3. Results

There were no significant differences between control and AD groups in terms of sex distribution ( , ), age ( , ), and postmortem delay ( , ). On average, total brain mass was 12.4% lower in the AD group ( , ) (see Table 1). For [18F]FEOBV binding parameters, all investigated grey matter ROIs showed higher binding than in the white matter baseline. In controls, the ROI-to-baseline binding ratios reached in the cortex, in CA1, in CA3, and was highest in the DG at .

GroupSexAgePMD (h)Brain wt (g)ApoE status

77%    Male75.3823.851123.3323%    “4-3”
70%    Male74.1522.521282.5515%    “4-3”

In AD tissues, a 33% loss was observed in the PFC ( , ). Significantly lower binding was also observed in CA1 and CA3, with respective losses of 20% ( , ) and 25% ( , ). AD tissues did not differ from controls in the DG (Figure 2). Neither age nor brain mass significantly predicted [18F]FEOBV binding in any region for either group.

4. Discussion

In summary, this study reports for the first time reduced VAChT availability in both the Nucleus Basalis of Meynert and medial septum projection areas in AD brain tissues. Reduced [18F]FEOBV binding observed in the AD neocortex as well as most of the hippocampus suggests a comparable degree of denervation between cortical and allocortical brain regions. Indeed, these finding mostly reflects the degeneration of these cholinergic pathways in AD [2, 23].

A property of the radioligand saturation curve is that very low (tracer) concentrations follow a linear relationship with the receptor occupancy percentage at equilibrium. Here, 164.41 pM of [18F]FEOBV was used, which is less than 5% of the of 4.1 nM for vesamicol [24] or 4.6 nM for another benzovesamicol analog [25]. Consequently, the magnitude of normalized binding differences observed here can be considered to be a direct representation of VAChT receptor density alterations in AD.

The magnitude of VAChT observed here in AD decreases (33% in PFC, 20% in CA1, and 25% in CA3) and is modest compared to previous cholinergic quantifications conducted with antibody-based techniques, such as immunohistochemistry or immunoblotting. When measured with Western blotting, VAChT levels in the PFC of AD patients have been reported to be 54% lower than those of controls [26]. Similarly, ChAT activity decreases in AD samples were described to range between 49% and 61% in various cortical and hippocampal regions [27]. Differences between autoradiography and immunohistochemistry have been frequently described and might reflect multiple factors including changes of radioligand affinity in the clinical population (e.g., [28]) or low radioligand specificity.

In contrast to CA1 and CA3, the DG of the hippocampus appeared spared by cholinergic loss. This preservation of cholinergic terminals may be to do with the observation that the DG seems resistant to the glutamatergic neurodegeneration affecting both CA1 and CA3 in preclinical AD [29]. Invariant VAChT availability in the DG could thus reflect either sprouting of presynaptic axons or VAChT upregulation (e.g., [30, 31]) following initial losses. A unique resistance to such losses could also be specific to this region.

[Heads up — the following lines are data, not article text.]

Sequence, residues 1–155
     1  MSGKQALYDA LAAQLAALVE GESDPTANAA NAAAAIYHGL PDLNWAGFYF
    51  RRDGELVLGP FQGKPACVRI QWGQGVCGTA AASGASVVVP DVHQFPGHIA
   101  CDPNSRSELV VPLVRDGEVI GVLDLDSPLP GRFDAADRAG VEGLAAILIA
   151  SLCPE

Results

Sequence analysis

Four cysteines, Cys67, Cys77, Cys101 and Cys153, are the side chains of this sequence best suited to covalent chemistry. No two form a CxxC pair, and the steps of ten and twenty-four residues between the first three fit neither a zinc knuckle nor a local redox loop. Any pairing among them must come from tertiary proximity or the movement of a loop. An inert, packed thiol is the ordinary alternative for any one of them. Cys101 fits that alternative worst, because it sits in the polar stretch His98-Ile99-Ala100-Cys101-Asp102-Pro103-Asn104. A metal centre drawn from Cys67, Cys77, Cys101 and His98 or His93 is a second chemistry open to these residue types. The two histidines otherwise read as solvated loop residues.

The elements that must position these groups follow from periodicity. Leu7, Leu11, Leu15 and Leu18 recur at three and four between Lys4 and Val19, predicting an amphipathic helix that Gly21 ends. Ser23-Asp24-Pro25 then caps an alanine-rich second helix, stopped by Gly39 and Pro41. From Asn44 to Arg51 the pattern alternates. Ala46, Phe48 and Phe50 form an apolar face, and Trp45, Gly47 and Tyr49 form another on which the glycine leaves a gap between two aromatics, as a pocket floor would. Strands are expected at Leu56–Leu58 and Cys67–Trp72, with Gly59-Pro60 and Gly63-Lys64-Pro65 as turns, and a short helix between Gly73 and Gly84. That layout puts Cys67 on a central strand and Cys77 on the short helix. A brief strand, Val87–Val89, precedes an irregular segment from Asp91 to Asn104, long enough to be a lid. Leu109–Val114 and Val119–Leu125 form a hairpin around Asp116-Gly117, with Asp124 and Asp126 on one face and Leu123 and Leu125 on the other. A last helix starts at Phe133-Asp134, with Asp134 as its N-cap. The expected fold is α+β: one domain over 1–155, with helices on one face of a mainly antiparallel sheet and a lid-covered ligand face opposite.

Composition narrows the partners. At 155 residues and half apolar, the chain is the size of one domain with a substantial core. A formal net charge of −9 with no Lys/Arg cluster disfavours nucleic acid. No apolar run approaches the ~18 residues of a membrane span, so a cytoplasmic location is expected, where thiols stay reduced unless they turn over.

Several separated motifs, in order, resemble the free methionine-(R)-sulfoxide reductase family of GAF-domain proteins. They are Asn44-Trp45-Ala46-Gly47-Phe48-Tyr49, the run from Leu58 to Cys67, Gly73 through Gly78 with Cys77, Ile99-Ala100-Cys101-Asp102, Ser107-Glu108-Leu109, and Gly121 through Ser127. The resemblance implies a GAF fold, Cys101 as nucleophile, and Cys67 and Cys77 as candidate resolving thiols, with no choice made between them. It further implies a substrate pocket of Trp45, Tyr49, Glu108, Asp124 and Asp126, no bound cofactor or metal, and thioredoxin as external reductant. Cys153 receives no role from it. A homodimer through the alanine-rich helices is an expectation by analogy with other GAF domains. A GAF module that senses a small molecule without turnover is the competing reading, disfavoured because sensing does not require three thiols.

In terms of ROI distribution, the relative concentrations of [18F]FEOBV binding in the cortex and hippocampus match those found in postmortem studies using cholinergic markers both in humans [32, 33] and rodents [34]. Interestingly, the variance of [18F]FEOBV binding is much lower in the AD tissues than in controls both for the PFC and hippocampal ROIs. For instance, the CA3 coefficient of variance reached 27% in the control group, while it was only 11% in AD tissues. This represents a floor effect in the AD tissues, where most samples have minimal concentrations of VAChT terminals left from the affected afferents. Control samples, on the other hand, presented more variance, representing a wide spectrum of VAChT integrity normal in this age range.

In these same regions, 20 to 40% of control subjects have [18F]FEOBV binding values that overlap with those of AD patients. While this may be seen as a poor [18F]FEOBV sensitivity to differentiate AD from healthy controls, it remains consistent with the observation that AD pathological hallmarks (such as subclinical amyloidosis) are found in a substantial portion of aged asymptomatic individuals. Indeed, we have previously observed a significant reduction of hippocampal [18F]FEOBV binding in a rodent model of normal aging [14]. Here, the binding variance in control individuals does not appear to be explained by age, but this is likely due to the lack of younger control subjects in the sample.